Natural Art: The Photography of Brad Hill

Prairie Crocus: Early Bloomer

Availability: Limited Edition Print; RM Stock (??)

Previous Gallery

In the Field

Prairie Crocus: Early Bloomer. Findlay Creek, BC, Canada. April 24, 2006.

Prairie Crocuses are among the earliest flowers to bloom in the East Kootenays of British Columbia - not long after the snow has left you can find thousands of these pretty lavender-coloured flowers on dry, exposed slopes. Which means that most of the keen nature and "colour-starved" photographers who have survived the winter jump at the chance to photograph them!

Personally, I've always found crocuses hard to photograph. In the vast majority of cases the flowers hand downward from their stems and are functionally hidden from your lens. When I came across this crocus I was ecstatic - not only was the flower still pointing upright, but to me it strongly resembled a stemless wine goblet supported by delicate fingers!

Alert: Digitally Manipulated Image: The soft, dream-like image you are viewing is partially the product of digital manipulation. Plus, this image is a focal plane composite made by combining 3 separate images, each with a slightly different focal point. For details on how this image was produced, see Bio: Techniques (look under both the "Wildflower Effect" and "Focal Plane Composites").

It is my policy to clearly identify ANY images on this website that overstep the bounds of digital correction and enter the territory of digital manipulation (see Voice: Commentary: Digital Correction vs. Digital Manipulation).

Behind the Camera

Prairie Crocus: Early Bloomer. Findlay Creek, BC, Canada. April 24, 2006.

Digital Capture; Compressed RAW (NEF) format; ISO 100.

Nikon D200 with Nikon AF-S Micro 105 mm f/2.8 ED-IF N VR lens (157 mm equivalent with digital conversion factor) supported on Gitzo G2220 Explorer tripod with Really Right Stuff BH-55 ballhead.

1/125s @ f8; no compensation from matrix-metered exposure setting.

At the Computer

Prairie Crocus: Early Bloomer. Findlay Creek, BC, Canada. April 24, 2006.

Details to follow.

RAW Conversion to 16-bit TIFF, including first-pass sharpening, using Phase One's C1 Pro.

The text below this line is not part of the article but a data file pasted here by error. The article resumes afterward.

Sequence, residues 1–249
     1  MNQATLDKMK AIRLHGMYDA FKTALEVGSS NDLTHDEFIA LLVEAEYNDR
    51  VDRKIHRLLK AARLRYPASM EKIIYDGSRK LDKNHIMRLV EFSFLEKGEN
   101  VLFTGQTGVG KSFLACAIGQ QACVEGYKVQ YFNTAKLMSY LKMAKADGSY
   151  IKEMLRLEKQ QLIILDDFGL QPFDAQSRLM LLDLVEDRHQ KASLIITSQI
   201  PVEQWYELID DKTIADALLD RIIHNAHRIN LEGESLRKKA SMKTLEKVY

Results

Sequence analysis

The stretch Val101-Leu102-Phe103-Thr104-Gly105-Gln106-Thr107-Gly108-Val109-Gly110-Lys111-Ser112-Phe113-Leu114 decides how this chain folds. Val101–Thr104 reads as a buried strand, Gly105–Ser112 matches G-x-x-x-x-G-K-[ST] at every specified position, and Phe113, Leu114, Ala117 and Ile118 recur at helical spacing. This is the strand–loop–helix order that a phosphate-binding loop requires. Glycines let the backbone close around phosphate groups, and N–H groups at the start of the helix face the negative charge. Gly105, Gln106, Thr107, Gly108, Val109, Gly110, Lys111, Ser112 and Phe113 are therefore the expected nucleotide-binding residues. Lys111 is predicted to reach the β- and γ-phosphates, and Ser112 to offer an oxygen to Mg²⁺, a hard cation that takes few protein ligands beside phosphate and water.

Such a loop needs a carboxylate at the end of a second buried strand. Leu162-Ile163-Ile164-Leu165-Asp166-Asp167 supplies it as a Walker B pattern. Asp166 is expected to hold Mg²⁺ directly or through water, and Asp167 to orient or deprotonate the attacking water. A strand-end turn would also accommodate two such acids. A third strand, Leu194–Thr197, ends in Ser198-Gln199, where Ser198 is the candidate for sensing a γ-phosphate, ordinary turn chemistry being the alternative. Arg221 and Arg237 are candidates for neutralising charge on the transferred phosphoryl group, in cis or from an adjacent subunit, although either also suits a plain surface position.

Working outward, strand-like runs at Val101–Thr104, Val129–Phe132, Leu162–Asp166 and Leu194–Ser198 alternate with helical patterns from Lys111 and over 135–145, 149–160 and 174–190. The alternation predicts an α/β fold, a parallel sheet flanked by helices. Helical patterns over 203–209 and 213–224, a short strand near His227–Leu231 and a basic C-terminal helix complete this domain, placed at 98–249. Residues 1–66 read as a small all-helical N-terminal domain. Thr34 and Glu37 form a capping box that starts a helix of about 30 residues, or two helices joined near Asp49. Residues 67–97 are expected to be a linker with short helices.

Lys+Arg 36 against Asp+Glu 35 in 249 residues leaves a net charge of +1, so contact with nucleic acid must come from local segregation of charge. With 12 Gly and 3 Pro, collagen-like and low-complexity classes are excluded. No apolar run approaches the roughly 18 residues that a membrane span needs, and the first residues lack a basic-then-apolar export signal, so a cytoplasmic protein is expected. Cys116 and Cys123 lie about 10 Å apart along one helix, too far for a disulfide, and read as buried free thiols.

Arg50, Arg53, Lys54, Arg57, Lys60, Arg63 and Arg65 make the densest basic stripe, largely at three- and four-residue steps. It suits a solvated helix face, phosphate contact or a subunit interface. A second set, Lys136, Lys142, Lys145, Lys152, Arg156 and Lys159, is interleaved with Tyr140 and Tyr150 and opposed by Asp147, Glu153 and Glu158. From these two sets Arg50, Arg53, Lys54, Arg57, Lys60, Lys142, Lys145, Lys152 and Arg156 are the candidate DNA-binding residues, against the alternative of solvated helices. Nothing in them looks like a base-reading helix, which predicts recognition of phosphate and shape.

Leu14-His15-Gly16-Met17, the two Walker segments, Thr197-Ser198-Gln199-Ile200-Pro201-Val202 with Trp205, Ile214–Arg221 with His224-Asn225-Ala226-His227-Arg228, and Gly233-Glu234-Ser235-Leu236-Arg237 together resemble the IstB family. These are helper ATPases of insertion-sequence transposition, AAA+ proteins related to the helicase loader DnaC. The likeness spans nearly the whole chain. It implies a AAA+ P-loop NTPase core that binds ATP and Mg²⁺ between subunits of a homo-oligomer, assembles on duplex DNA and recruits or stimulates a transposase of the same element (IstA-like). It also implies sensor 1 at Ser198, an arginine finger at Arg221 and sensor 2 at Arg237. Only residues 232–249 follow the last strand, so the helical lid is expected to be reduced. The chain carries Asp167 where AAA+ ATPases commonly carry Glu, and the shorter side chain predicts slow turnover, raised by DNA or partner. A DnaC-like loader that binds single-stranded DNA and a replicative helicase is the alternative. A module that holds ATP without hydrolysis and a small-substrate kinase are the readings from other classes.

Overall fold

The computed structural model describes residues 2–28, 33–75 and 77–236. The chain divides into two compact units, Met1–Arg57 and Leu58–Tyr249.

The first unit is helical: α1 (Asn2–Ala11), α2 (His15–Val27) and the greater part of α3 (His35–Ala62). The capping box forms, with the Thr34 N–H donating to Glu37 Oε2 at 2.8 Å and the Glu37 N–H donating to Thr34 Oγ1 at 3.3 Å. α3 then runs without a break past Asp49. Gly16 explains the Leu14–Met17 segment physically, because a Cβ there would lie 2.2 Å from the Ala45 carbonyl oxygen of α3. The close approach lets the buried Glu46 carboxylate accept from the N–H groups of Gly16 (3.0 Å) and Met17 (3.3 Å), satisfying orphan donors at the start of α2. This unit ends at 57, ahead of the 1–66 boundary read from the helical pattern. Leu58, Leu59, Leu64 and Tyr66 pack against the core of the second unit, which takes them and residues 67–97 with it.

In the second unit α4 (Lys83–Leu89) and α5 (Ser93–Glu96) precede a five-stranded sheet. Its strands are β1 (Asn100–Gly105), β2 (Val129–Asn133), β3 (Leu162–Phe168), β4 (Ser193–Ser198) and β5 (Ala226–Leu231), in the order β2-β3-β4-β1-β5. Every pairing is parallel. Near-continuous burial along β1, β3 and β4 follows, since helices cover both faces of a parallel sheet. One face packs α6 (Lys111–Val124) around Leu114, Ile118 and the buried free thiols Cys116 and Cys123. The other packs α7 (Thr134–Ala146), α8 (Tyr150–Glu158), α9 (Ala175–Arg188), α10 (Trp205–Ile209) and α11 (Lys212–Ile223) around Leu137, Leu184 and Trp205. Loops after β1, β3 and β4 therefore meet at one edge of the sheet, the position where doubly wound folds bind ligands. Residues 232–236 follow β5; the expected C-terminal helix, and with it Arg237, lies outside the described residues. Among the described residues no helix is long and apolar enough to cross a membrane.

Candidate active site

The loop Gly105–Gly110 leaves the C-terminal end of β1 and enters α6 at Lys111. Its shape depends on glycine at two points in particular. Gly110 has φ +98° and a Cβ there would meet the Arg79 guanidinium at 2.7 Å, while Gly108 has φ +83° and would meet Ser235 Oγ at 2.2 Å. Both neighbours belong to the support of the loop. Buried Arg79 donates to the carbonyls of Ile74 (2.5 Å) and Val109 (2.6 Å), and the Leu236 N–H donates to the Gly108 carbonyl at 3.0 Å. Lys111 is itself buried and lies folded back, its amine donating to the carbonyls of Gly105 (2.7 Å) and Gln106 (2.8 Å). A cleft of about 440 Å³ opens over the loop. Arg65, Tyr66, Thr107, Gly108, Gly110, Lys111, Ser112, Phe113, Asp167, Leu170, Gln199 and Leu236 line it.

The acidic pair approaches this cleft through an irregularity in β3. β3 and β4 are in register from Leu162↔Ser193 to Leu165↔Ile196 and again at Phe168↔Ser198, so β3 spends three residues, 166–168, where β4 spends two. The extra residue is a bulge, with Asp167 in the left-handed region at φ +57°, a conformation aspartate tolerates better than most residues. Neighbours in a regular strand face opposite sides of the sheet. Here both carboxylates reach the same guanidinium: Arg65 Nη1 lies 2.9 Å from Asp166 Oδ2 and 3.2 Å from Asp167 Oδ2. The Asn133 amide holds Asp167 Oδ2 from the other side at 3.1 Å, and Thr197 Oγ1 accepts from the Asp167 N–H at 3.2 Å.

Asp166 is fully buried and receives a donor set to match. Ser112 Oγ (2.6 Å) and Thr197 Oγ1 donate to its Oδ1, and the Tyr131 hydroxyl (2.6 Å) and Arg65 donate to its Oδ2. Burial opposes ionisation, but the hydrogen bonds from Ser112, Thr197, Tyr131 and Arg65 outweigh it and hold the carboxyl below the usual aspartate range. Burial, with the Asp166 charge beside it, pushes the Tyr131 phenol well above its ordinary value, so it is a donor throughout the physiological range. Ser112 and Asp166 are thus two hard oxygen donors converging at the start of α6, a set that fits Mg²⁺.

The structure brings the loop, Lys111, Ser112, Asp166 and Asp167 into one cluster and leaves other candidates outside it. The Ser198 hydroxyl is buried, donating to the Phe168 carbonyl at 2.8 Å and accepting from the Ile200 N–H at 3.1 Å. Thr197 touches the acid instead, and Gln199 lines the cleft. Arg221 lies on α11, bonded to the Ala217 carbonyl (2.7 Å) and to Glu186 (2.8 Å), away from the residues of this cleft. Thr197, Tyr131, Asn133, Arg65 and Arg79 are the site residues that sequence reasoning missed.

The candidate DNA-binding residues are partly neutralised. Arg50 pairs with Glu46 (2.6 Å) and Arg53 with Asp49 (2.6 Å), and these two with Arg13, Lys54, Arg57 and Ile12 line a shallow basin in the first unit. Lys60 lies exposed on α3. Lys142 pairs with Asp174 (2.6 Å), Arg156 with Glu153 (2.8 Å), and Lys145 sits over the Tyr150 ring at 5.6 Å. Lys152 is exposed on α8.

Digital processing on this image as described under "The Wildflower Effect" (see: Bio>Techniques>The Wildflower Effect).


Prairie Crocus: Early Bloomer. Findlay Creek, BC, Canada. April 24, 2006.

Ten percent of the revenue generated by this image will be donated to Wildsight.

Species Status in Canada*: This species is not designated as at risk.

Prairie Crocus (Pulsatilla patens), which is also known as Pasqueflower, is a seasonally early blooming species with a very wide geographic distribution in North America - it stretches from Alaska in the north to New Mexico in the south. While it is widespread and reasonably common in the mountains, it is most abundant on the plains. In fact, dense stands of Prairie Crocus can be indicative of overgrazing. The Prairie Crocus is the floral emblem of both Manitoba and South Dakota.

This Prairie Crocus was photographed in the Columbia Valley of the East Kootenays. While this species is currently not considered at any risk itself, many ecosystems within the Columbia Valley face development pressure, including pressure from logging operations. Wildsight is an effective conservation organization that protects biodiversity and promotes sustainable communities in Canada's Columbia and Rocky Mountains. Support for Wildsight, through donation or becoming a member, will help ensure that they remain effective in their efforts to conserve threatened or endangered species and ecosystems.

*as determined by COSEWIC: The Committee on the Status of Endangered Wildlife in Canada